MANY will remember how before 2004 people working abroad were a respected elite in Zimbabwe. So valuable were the remittances they sent back home, that recipients could afford lavish lifestyles.
The transferred funds were largely responsible for the sprouting of new suburbs, increased demand for infill stands and refurbishment of existing properties.Â A good number of families moved from township to stay in affluent suburbs where they would have bought houses using proceeds from abroad. For the younger recipients money was being largely spent on imported cars, trendy clothes and other â€œbling blingâ€.
In an apparent acknowledgement of the significance of the forex inflows from Zimbabweans working in other countries, the central bank founded Homelink. The entity was mandated to facilitate the repatriation of funds from the people working outside to their beloved ones back in the country. It was believed at the time and indeed now that if harnessed properly the forex remittances could go a long way in alleviating the shortages of hard currency.
Over the years the purchasing power of transmittals has gradually been eroded as Zimbabwe increasingly becomes expensive relative to other countries. The people outside the country are still sending out similar amounts, which in their host countries are worth a lot, but are buying less in Zimbabwe. What used to be a lot of money has in no time become a pittance forcing, many to re-adjust their styles. There are many housing projects which lie uncompleted as building costs continue to rise.
Local prices have become increasingly dearer when compared to those in the region. According to figures released by the Consumer Council of Zimbabwe the monthly consumer basket for a family of six costs US$280 compared to South Africaâ€™s US$79, 97. This is not because on average a Zimbabwean family consumes more products than their South African counterparts but that goods in Zimbabwe although being of a much inferior quality are more expensive.
In response to my question on why their margins were three times the region, an executive at Innscor said it is because of high cost of transporting the goods. He revealed that it costs US$4 000 to transport a Spar container with goods valued at between US$25 000-US$50 000 out of the North Rand distribution centre to Harare. This translates to only 8% to 16% of value of the goods. Surely even after loading the maximum profit mark ups of 30% and the 15% the merchants remit to RBZ the margins made by the retailers are still obscene.
The mystery is how, despite a meltdown characterised by foreign currency shortages and hyperinflation that is eroding incomes, the country has managed to sustain growing demand at such lofty hard currency prices. Elementary economics define inflation as â€œtoo much money chasing too few goodsâ€. However, the US dollar inflation in Zimbabwe cannot be a result of too much greenbacks bidding for limited supplies. Granted, everything is in short supply in Zimbabwe, but so are dollars. In fact it is the shortage of foreign currency that has forced companies to close; mining houses to go â€œcare and maintenanceâ€; people to succumb to cholera as they consume untreated water; and many skills to emigrate.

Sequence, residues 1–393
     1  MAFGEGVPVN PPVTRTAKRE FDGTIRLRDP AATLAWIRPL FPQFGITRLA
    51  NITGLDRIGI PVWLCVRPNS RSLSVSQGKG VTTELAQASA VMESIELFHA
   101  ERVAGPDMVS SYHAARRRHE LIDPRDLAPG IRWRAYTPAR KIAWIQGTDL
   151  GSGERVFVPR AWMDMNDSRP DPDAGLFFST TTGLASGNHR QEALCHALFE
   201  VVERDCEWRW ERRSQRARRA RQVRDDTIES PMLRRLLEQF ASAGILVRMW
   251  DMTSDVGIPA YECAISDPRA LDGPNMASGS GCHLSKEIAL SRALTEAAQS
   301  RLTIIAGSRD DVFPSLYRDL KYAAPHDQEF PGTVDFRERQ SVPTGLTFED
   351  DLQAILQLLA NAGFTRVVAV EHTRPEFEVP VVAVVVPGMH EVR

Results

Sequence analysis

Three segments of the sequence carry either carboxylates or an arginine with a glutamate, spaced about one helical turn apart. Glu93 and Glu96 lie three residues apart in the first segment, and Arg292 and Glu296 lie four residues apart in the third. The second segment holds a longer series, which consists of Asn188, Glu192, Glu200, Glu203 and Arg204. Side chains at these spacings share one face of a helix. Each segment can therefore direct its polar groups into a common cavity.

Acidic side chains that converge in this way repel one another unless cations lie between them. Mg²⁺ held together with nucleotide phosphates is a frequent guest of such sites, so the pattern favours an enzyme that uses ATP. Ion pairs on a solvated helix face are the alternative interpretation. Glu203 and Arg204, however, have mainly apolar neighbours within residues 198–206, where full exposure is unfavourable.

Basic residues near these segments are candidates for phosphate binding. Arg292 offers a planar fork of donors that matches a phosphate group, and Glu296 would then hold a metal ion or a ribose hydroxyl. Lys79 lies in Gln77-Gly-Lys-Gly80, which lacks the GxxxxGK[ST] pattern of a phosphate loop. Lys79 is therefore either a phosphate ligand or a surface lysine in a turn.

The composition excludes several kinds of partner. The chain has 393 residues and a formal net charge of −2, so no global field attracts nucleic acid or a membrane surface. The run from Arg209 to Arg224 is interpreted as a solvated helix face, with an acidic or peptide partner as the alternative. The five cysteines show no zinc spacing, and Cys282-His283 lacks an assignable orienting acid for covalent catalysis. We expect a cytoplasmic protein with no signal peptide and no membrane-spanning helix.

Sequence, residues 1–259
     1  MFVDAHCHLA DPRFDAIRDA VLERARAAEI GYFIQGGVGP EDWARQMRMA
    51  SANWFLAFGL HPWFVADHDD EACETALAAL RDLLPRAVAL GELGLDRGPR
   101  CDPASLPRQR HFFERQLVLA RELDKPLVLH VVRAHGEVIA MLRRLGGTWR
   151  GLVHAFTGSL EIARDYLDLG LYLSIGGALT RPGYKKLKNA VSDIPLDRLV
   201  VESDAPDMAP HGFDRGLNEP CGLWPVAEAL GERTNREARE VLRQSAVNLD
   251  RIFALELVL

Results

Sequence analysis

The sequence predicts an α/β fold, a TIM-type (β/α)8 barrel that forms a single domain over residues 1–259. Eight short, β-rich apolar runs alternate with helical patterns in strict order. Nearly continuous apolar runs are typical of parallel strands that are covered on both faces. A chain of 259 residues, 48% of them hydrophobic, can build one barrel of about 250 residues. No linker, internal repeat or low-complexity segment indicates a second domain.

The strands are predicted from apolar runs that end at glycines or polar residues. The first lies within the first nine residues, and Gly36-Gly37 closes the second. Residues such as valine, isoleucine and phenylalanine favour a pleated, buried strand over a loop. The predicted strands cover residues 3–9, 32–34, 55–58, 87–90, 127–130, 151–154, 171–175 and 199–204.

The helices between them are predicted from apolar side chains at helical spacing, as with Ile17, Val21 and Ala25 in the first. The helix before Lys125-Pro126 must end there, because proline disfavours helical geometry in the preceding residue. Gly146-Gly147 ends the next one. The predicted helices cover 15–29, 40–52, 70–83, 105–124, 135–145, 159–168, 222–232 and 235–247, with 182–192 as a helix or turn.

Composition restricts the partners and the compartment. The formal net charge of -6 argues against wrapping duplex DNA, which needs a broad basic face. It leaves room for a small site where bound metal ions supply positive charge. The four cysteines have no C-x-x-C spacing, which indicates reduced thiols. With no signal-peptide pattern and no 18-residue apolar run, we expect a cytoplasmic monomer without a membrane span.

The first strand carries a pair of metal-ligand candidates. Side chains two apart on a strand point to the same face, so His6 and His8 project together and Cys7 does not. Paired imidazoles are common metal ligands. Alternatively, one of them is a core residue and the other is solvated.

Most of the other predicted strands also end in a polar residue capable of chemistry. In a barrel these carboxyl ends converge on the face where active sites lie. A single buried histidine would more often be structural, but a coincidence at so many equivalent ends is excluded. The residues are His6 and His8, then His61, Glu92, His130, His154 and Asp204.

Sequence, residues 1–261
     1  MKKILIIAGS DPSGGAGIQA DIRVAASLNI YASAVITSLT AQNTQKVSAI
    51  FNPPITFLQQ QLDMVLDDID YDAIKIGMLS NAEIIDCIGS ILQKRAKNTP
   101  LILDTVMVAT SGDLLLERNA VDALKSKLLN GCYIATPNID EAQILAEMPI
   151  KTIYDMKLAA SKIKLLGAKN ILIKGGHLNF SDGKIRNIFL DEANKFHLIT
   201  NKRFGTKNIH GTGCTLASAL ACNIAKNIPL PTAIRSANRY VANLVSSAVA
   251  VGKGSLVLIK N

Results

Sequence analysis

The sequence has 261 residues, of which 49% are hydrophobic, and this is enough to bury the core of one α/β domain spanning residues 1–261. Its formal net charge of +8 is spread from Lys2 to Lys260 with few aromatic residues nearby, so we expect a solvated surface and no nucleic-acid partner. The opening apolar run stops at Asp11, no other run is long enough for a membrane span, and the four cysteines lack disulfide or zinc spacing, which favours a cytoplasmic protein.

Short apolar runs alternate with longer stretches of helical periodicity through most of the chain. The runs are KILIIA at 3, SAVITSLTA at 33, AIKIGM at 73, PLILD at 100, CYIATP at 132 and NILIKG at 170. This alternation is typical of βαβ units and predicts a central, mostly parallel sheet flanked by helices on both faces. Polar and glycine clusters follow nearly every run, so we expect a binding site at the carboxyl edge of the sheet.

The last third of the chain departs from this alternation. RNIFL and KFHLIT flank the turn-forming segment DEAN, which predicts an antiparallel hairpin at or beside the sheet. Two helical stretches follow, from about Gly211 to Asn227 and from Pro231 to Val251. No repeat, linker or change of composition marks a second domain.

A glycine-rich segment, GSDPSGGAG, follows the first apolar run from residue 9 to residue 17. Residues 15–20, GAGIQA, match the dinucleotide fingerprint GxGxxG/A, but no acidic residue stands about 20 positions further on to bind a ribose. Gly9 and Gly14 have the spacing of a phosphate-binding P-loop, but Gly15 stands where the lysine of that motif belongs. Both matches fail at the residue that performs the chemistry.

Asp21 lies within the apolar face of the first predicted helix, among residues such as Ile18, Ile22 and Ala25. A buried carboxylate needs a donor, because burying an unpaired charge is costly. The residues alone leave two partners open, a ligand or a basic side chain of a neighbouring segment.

What is apparent though is that the economy is suffering from a hyperinflation hangover. People have become accustomed to rising prices on the local currency such that they cannot â€œstandâ€ stable prices, even in hard currency. This explains why, for instance, property owners hike rentals even without any improvements on the property.
For some suppliers the US dollar inflation is a result of blatant profiteering. Businesses which under normal circumstances are volume driven have largely become margin driven. When charging in Zim dollars a margin driven strategy is understandable because the currency keeps losing value. Now that they are charging US dollar, margins above 50% are unacceptable. Unfortunately business in Zimbabwe today is motivated by the get rich quickly mentality but this is surely not sustainable.
Another problem that might be stoking hard currency inflation is the emergence of effortless money. There are lots of arbitrage transactions taking place in which a purse can walk away with say US$2 000 for doing nothing. Notable examples include people with access to subsidized products such as fuel, grains and cheap foreign currency obtainable at the official rate of $30 000 (old value) or the interbank market rates. These products can be sold on the open market for much higher US dollar prices.
At the peak of â€œkupisa mariâ€ â€” literally translated as burning money or simply forex trading, the middlemen would make more money than their principals. Many would take their â€œmarginâ€, after intermediating for the buyer and seller, in hard currency. Besides forex trading, effortless money was until recently also coming from the infamous Chiadzwa diamond fields. Both middlemen and illegal miners would receive large sums of foreign currency giving them almost unlimited purchasing power. Because they get this money easily they tended to spend it extravagantly. Prices of most commodities would ordinarily follow their buying patterns.
Through these activities windfall gains have been and continue to be realised. Many who accumulated huge piles of hard currency have joined the fray of glamour. Unlike their predecessors in the diaspora the â€œdealersâ€ have so much at their disposal. Armed with unfathomable purchasing power which they hardly sweat to acquire, they are willing to buy anything at any price. The avalanche of foreign currency thus generated has seen serious hard currency inflation over the years.